My story begins on May 15, 1996. I was experiencing extreme pain on my left side. I was sent to a radiologist for a barium enema, and X-ray to look at my colon, but the liquid was unable to pass through. A tumor had blocked off the descending colon and broken the membrane. The CT scan confirmed that I had colon cancer.
I was devastated.
After trying for 10 years to have a child, my barely 3-year-old son was facing the possibility of being fatherless. For the first time in my life, at the age of 41, I was scared and alone.
You see, back in the 90s, the word "cancer" meant “death.” It was considered an elderly disease. No one ever talked about cancer. In fact, some people avoided me like the plague, thinking they could catch it from me. There was no support group I could join. There was no one to talk to about my experience, because no one knew what to expect. My wife, I'm sure, was experiencing this as well. She had no caregiver training and did not know how to deal with my cancer diagnosis.
The day of my surgery, I drove to the hospital with my wife. We grabbed each other's hands and silently cried as we looked together, ahead.
The surgery went very well. I stayed in intensive care for nine horrible days. When I got home, I had to heal for a couple of weeks before I started my weekly rounds of chemotherapy. I was relieved that I did not need radiation therapy.
I drove myself to and from the oncologist's office every Tuesday for a year. I was determined not to let my son grow up without a dad, and he came with me every trip. We'd go into the office and the first thing that hit me was this horrible odor. Every time I walked into the office for my treatment, I could never get past this odor. And every week, as they drew my blood for a white blood cell count, I was hoping mine was low, so that I did not have to have chemo that week. Each week, coming out of the office, I would get halfway to the car, vomit into the parking lot, close the door and drive off. I became very sick, but as soon as I started to recover, it was time for my next treatment.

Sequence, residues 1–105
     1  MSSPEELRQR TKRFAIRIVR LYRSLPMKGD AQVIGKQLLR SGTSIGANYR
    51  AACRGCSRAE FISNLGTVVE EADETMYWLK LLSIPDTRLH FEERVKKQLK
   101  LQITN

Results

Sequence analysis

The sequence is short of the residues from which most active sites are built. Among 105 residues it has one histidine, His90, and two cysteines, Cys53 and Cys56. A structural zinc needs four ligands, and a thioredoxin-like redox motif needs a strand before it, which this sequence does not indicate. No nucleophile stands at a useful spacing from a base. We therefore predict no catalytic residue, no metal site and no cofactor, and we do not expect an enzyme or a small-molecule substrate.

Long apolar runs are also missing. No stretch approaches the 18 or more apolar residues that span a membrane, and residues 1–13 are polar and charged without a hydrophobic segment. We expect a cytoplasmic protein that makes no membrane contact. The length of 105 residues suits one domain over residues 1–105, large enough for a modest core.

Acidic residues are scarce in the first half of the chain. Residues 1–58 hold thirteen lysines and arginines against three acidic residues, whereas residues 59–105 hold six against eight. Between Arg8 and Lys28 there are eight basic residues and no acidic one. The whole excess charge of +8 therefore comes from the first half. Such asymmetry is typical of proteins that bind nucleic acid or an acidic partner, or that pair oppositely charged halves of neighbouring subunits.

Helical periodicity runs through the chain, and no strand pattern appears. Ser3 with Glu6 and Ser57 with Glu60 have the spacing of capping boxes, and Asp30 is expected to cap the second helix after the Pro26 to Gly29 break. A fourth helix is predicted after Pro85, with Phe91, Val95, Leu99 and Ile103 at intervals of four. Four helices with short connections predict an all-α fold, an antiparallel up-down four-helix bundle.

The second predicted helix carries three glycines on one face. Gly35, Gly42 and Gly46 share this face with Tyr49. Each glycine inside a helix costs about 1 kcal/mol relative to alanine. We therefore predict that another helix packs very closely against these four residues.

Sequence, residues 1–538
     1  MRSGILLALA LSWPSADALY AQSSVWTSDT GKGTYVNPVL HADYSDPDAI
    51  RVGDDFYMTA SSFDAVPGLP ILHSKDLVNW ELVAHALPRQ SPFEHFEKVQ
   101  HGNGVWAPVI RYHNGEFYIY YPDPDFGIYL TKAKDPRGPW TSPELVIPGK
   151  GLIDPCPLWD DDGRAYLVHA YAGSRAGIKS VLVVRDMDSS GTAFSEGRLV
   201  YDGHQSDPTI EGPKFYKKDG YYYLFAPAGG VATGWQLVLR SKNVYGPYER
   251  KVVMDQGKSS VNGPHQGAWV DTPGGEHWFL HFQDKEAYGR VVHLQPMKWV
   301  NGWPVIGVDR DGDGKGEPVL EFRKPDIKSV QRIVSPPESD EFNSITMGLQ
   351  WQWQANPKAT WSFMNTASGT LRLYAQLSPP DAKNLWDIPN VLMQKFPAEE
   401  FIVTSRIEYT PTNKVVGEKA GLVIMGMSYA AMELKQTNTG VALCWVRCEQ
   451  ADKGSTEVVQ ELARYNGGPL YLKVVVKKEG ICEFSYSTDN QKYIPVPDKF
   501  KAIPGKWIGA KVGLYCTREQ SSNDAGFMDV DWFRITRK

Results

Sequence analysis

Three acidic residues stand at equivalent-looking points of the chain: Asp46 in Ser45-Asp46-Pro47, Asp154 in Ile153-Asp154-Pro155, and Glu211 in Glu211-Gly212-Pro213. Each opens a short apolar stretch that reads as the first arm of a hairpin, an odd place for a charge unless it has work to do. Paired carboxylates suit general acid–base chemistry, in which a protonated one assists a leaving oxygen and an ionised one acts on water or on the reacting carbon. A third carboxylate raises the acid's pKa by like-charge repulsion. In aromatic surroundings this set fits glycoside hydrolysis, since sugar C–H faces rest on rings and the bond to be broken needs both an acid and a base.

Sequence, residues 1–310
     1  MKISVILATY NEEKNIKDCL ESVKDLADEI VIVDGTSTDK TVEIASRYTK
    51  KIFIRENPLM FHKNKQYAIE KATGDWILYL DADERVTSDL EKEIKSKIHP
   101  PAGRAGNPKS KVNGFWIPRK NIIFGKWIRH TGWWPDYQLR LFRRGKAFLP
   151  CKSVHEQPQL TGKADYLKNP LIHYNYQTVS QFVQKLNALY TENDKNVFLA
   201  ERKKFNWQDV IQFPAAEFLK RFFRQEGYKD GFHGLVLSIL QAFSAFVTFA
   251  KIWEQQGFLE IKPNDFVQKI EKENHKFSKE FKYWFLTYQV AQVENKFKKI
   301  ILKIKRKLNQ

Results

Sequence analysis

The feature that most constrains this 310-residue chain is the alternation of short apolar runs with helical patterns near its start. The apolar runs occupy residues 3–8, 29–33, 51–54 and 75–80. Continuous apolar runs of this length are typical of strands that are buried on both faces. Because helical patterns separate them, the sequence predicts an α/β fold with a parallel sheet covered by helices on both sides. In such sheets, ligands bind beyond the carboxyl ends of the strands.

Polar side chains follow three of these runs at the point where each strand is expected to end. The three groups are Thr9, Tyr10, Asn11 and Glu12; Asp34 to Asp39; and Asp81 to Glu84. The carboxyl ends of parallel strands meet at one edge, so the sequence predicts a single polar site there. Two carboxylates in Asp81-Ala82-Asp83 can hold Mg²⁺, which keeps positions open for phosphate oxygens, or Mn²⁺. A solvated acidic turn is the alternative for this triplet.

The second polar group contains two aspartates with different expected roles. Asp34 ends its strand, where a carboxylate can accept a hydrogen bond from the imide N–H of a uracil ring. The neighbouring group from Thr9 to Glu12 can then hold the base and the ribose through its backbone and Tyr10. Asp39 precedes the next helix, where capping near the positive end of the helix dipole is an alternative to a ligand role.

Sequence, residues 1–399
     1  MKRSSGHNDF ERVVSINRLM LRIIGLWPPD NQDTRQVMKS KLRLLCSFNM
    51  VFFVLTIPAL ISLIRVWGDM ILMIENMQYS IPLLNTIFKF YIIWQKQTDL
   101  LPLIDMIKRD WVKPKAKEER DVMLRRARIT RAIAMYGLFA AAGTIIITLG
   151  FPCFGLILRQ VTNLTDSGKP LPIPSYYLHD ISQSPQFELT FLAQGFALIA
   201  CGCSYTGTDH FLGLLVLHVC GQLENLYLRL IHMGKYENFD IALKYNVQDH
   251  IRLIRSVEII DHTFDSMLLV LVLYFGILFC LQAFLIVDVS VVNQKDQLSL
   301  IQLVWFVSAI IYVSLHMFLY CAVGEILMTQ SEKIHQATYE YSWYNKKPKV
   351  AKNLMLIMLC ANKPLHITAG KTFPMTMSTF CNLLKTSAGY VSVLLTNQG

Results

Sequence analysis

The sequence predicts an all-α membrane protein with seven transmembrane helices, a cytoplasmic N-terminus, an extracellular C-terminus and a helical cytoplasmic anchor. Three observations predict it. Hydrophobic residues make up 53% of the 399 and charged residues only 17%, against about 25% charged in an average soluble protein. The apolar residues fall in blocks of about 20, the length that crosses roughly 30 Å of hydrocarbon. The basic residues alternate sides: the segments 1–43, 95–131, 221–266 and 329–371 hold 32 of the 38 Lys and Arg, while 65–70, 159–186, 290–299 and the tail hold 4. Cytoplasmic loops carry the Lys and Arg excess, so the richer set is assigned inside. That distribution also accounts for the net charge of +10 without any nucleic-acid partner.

Today, it has been almost 16 years that I have survived this disease. I still get a colonoscopy every five years to keep it in check, and the fear of cancer returning never goes away, no matter how many years go by or how strong I become.
Giving BackAbout 150,000 people in the United States are diagnosed with colon cancer annually, making it one of the most common forms of cancer. Yet few people know much about it or are comfortable discussing it.
It starts as a growth, or polyp, in the colon or rectum. Some polyps can develop into cancer, but if detected in the early stages, colon cancer is 90 percent curable.
Most people are encouraged to begin screening by the age of 50. Besides colonoscopy, screening options include virtual colonoscopy, and flexible sigmoidoscopy.
Today, I have found a major way to give back and educate others about this disease.
I strive to create awareness of colon cancer through myriad programs, noting it remains the number-two cancer killer, behind lung cancer, even though colonoscopies and other screenings make it one of the most preventable types of cancer.
I am currently the chairperson of the tri-state chapter of the Colon Cancer Alliance, which encompasses New Jersey, Pennsylvania and Delaware. My goal in life is to help spread the word about colon cancer through the Colon Cancer Alliance and to reach as many people as I can.
Based in Washington, D.C., the Colon Cancer Alliance is a national patient advocacy group that strives to end the suffering caused by colorectal cancer through support, education and research.
The Colon Cancer Alliance’s signature programs include:
- “Buddy” program: Designed to provide experienced listeners who have “been there” to support newly diagnosed patients
- Regional seminars: Providing up-to-date information from top healthcare professionals; designed for new patients, advanced disease patients, survivors, caregivers, nurses and others
- Connections online: Features include blogs, videos, personal pages, message boards and chat; opportunities to seek advice or provide data, updates to loved ones
- Tributes page: Web pages can be created to memorialize or otherwise honor a friend, family member or loved one
- Toll-free helpline: A chance to learn more about screening and treatment options and receive advice on treatment effects
- Voices Volunteer program: An opportunity to allow advocates to use their voices to help the alliance succeed in its mission
- “Undy” 5k run/walk: An untypical race highlighted by entrants in boxers and bloomers spreading the word about colorectal cancer.
The Philadelphia “Undy” is scheduled for Sept. 8, 2012. Registration for participants and teams is now open on the website, www.undy5000.org
This is the beginning of my journey to help those in need.